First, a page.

This weather 101 segment is going to focus on the formation of tornadoes. While we very rarely see tornadoes here, it is still interesting to talk about the actual physics that take place and allow tornado-producing thunderstorms to form.
There are a few key ingredients to tornado formation:
- Instability (energy)
- Wind shear
The lift can be caused by a few different mechanisms, though we most commonly see stronger thunderstorms along strong cold fronts or very close to a low pressure system.
Moisture is generally available through the spring and summer months as we move in more humidity. While this can be a limiting factor for us, we usually have enough moisture to fire some thunderstorms with our frontal passages in the warm months.
Instability can be a limiting factor for stronger storms for us. Still, we definitely have out fair share of days with energy to use. This is a result of heat and moisture content. There are certain patterns that lend themselves to more or less energy. In the case of tornadoes, we need at least a little bit of instability to get those stronger thunderstorms to fire up.
Wind shear tends to be a limiting factor for us as well. This is when the wind’s speed and direction changes as you get higher in the atmosphere. Due to our terrain, we sometimes cannot get much of a directional change in our wind. However, we do get enough sometimes to result in some stronger storms. This wind shear helps to organize the thunderstorm and allow it to become stronger. It also plays a role in the formation of the tornado itself.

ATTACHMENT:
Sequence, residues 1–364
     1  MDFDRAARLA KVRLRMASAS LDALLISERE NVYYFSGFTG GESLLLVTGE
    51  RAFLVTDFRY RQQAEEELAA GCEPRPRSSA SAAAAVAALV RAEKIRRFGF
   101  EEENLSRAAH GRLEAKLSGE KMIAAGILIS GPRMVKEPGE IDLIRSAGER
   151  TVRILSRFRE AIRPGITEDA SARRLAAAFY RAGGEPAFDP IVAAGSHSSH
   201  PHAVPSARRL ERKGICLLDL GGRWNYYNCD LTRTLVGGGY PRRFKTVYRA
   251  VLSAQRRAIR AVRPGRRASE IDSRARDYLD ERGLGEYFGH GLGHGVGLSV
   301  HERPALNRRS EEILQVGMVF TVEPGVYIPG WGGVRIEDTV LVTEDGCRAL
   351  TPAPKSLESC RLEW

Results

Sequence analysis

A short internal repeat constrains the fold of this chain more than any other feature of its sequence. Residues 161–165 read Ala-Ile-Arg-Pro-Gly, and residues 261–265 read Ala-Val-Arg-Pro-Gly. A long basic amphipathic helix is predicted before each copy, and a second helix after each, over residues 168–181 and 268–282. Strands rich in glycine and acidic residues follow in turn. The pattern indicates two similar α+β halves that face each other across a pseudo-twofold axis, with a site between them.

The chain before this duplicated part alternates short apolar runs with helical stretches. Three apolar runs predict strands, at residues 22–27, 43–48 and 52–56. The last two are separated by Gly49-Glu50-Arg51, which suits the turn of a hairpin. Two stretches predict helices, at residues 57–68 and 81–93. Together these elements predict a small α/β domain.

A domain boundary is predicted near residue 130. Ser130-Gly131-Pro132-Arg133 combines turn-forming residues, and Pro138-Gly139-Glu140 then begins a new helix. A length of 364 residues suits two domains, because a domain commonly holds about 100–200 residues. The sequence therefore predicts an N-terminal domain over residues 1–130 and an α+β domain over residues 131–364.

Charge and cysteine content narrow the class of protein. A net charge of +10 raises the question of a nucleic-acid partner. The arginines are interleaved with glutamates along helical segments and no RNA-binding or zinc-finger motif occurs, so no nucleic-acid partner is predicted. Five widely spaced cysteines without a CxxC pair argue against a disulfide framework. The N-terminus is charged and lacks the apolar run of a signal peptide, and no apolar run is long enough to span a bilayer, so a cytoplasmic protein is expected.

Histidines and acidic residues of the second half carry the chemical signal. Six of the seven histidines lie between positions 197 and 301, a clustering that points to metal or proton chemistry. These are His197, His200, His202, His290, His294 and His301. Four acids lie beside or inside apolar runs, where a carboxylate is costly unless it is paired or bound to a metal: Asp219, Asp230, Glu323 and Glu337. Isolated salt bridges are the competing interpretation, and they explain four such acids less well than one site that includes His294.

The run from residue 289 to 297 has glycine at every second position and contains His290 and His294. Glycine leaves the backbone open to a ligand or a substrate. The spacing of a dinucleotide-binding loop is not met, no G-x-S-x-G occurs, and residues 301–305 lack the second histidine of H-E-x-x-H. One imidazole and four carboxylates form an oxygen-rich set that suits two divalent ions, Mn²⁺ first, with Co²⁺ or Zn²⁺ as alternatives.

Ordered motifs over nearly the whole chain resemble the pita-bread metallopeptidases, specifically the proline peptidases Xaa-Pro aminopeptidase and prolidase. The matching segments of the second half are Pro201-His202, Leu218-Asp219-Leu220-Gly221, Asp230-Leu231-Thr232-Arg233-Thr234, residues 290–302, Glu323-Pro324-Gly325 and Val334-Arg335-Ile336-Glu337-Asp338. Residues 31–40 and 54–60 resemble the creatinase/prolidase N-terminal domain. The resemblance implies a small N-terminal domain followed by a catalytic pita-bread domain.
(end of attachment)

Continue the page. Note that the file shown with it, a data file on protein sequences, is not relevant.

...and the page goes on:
The different wind directions cause the air to begin to roll horizontally. Eventually, this rotation becomes well-established.
Sometimes, the strong lift associated with the thunderstorm can move this rotation so it becomes vertically oriented. The result is a tornado.
Again, tornadoes do not happen too often here, but they do on occasion. Always know where your safe space is in case you ever end up under a tornado warning. Have a plan in place!